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Gas imports: urgently rethinking the economic development agenda

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In Bangladesh, CCC (Chittagong City Corporation) dig for gas pipelies at night in Kazir Dewri, Chittagong. Photo by Nayeem on Flickr.
In Bangladesh, CCC (Chittagong City Corporation) dig for gas pipelies at night in Kazir Dewri, Chittagong. Photo by Nayeem on Flickr.

The Russian invasion has had severe reverberations beyond Europe. The world finds itself in an unprecedented situation: a G20 economy has been sanctioned and a country key to the global food basket has been attacked. The IMF suggests there might be permanent scarring from both COVID-19 and the current conflict. Global growth has been downgraded — inflation is making a comeback.  

The impact across the world is asymmetric. Food and energy exporters might be benefiting from price increases, but importers are suffering. The EU is in geographic proximity to the conflict and its exposure to Russian energy unparalleled. Yet, many developing economies, which are big fuel and food importers and still dealing with COVID-19 due to lack of vaccine access, are much less resilient to skyrocketing prices. 

Global debt levels have risen to a new high following COVID-19. Total borrowing value is 15% higher than pre-pandemic. 60% of least developed countries and other low-income countries are now assessed at a high risk of or in debt distress, double the value in 2015. In the short term, the need to service external debt could force a choice: support for health, education, warm homes or the production of goods? In the long term, this will impact the ability to invest in more economically and environmentally resilient growth pathways.  

These choices spell out a potential social and development disaster. If the West fails to respond — while dialling up the pressure on global fuel markets for inaction to cut demand at home — this could also cost the West valuable political partnerships at a time when it needs more, not less.   

Rethinking development policy: Bangladesh, Pakistan and Tunisia 

In Bangladesh, gas consumption tripled over the last 20 years, making it the country’s biggest energy source. Now, it faces prices on spot markets of up to five times the long-term contract prices. These were already supported by subsidies equivalent to 0.4% of GDP to make them affordable. Government projections indicate that over five times the planned budget would be needed for gas, electricity and fertilisers. Yet, very recently, the IMF has commented on gas consumption subsidies in connection with the volatility of liquid natural gas (LNG) – a measure that may encourage some to switch away from gas, but that has adverse distributional impacts. It did not recommend the obvious: measures to cut gas use. Investing in demand-side efficiency alone could shave 15% off Bangladesh’s energy consumption in 2030, effectively shifting the composition of the country’s ‘consumer basket’ away from fossil fuels, reducing inflationary pressure and the subsidy load. Meanwhile, the World Bank, Asian Development Bank and Asian Infrastructure Investment Bank have continued to fund gas power generation in the country despite excessive overcapacities and the budgetary implications of imported gas.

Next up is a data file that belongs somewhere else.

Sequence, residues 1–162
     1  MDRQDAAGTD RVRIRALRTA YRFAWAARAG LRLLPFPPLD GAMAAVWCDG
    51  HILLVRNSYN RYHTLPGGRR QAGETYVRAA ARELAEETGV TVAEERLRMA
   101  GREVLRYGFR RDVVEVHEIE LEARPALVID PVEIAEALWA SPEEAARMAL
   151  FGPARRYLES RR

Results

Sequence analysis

In Pakistan, gas is integral to the country’s export base. The cost of subsidising industrial gas use could increase to around half of the budget allocated to fighting COVID-19 this year – three times what was estimated. Pakistan has a choice. Either increase the price to producers, likely affecting export revenues, or cut the supplies – under the IMF deal subsidies must be fully covered in the budget. Shrinking fiscal space has already forced the government to reduce electricity subsidies for domestic consumers. Foreign reserves are now barely sufficient for two months of gas imports. Meanwhile, the IMF has forged ahead with a set of fiscal reforms that remove incentives for further renewables deployment. This could eventually reduce electricity prices for domestic consumers. 

In Tunisia, the purchase of fossil fuel imports requires $2bn of foreign reserves. The 2021 budget was calculated at an oil price of $45 US, which escalated to $79 by the end of 2021 – almost doubling the costs to the budget. Rising fuel and commodity import costs are among the factors that have led to Fitch’s downgrading of the country to “CCC”, further limiting its ability to borrow. 

Three ways for the global economic development agenda to respond 

To re-establish trust international institutions need to shed old energy economic paradigms in light of new realities:

1. As this crisis may force renegotiation of debt deals with the IMF, upfront fiscal commitments that reduce exposure to volatile commodity prices, such as efficiency measures or renewables investments, should be exempted from spending constraints.  

2. The international support ecosystem needs to step up its analysis. For example:  

  • The IMF should develop a framework for mapping the risks of a gas import-dependent development pathway. This should include the risks around economic stability as gas market volatility continues throughout the transition. The IMF should apply this in its assessments of country loans and debt sustainability — and compare its performance to alternatives, in particular renewables or energy efficiency.   
  • Development banks should reflect price volatility as part of the assessment of gas infrastructure funding. They should provide support to countries in developing 1.5C aligned pathways to assess market changes and the risk of asset stranding. 

3. The EU’s global quest for gas imports to replace Russian gas should be kept to a workable minimum to reduce pressure on the global market. Analysis suggests that 2/3 of Russian gas can indeed be replaced by clean energy by 2025. 

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